UNHCR is mandated to provide protection, assistance and solutions for refugees, asylum-seekers, returnees, stateless persons, internally displaced people and others of concern to the Office, of whom there were 86.5 million at the end of 2019.
Within a month (August to September) 2020, more than 1.21 million people in 12 different countries have been affected by floods across Africa and many other countries are currently experiencing more widespread rainfall than usual in the long rain season leading to transboundary flooding in several areas.
Humanitarian food assistance needs are high across Somalia, where Stressed (IPC Phase 2) and Crisis (IPC Phase 3) outcomes remain widespread. An estimated 3.5 million people in rural livelihood zones, urban areas, and IDP settlements need food assistance. In July, food assistance reached only 55 percent of the population in need.
Coinciding with COVID-19, an upsurge of desert locusts is taking place in the Horn of Africa, Arabian Peninsula and Southwest Asia, with risk of spreading to the Sahel region of Africa if it is not stopped by July. The desert locust is the world's most dangerous migratory pest.
At the beginning of April, the 2020 edition of the Global Report on Food Crises was issued, presenting a stark warning for the future. In 2019 – prior to the COVID-19 pandemic – 135 million people experienced “crisis” and worse levels of acute food insecurity. A further 183 million were on the edge in “stressed” food security conditions.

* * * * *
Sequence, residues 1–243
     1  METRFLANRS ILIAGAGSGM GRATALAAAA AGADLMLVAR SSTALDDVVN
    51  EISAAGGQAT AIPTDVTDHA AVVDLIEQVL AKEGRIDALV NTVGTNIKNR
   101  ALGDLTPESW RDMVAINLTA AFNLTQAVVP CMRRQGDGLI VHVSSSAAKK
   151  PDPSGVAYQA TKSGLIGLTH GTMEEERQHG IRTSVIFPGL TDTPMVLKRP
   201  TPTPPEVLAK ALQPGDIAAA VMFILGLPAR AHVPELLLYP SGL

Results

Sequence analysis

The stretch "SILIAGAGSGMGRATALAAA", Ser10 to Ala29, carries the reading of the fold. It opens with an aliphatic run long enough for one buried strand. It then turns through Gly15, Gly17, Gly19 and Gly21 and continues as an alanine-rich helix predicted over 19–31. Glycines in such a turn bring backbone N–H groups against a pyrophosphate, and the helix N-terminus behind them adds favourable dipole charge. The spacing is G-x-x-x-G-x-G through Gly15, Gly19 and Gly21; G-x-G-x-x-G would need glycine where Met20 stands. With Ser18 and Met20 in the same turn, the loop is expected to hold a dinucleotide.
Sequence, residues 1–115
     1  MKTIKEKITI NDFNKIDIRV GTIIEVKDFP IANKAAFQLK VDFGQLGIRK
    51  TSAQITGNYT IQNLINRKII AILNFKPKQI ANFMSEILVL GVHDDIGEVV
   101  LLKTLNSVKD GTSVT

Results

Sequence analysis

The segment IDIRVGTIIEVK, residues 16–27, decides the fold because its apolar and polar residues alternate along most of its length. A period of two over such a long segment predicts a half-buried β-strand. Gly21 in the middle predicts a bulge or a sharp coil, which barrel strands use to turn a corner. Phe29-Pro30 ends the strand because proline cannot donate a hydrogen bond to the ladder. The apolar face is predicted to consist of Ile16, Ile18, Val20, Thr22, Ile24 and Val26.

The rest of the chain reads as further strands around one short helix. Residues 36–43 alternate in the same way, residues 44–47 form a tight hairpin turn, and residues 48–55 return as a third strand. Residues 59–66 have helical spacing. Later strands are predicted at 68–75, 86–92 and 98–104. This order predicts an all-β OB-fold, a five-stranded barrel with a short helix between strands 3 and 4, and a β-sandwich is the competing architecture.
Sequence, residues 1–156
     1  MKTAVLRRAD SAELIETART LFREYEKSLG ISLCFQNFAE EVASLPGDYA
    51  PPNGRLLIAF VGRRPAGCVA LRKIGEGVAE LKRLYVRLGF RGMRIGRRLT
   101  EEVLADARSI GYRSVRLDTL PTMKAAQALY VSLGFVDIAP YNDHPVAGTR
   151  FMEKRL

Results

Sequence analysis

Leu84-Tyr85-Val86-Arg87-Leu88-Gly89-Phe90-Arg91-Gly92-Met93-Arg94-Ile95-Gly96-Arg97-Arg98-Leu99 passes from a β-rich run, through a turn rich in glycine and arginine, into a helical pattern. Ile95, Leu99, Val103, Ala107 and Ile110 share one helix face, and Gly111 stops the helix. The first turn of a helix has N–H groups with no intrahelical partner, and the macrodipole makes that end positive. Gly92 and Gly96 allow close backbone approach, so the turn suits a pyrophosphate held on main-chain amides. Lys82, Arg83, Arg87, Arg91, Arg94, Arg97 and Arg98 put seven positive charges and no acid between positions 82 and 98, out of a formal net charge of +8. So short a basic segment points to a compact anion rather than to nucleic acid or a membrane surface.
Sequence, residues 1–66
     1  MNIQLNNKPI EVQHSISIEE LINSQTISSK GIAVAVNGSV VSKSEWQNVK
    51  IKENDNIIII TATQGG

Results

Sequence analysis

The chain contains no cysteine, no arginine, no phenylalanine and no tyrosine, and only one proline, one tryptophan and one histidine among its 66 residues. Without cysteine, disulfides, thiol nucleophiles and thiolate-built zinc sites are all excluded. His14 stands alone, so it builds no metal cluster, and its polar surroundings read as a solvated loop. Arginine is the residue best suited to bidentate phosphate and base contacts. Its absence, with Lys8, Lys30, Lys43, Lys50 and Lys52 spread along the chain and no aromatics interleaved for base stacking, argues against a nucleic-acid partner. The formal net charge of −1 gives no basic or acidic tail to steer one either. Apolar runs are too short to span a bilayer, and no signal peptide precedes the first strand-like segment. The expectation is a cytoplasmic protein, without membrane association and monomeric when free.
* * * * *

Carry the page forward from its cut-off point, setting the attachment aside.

Today, nearly 55 million people in the Arab States, 13.2 percent of the population, are hungry and the situation is particularly worrying in countries affected by conflicts and violence: Iraq, Libya, Somalia, Syria, Sudan, and Yemen.
A new report launched today by Somalia—titled the Somalia Health and Demographic Survey (SHDS) Report 2020—offers the country’s decision makers and stakeholders vital information on the health and lives of Somali women of childbearing ages and children.
Roughly half of all Somali households rely on remittances to cover basic needs such as food, water and basic health care. According to Somali money transfer operators (MTOs), remittances have already declined substantially since the onset of COVID-19 due to economic pressures on members of the Somali diaspora.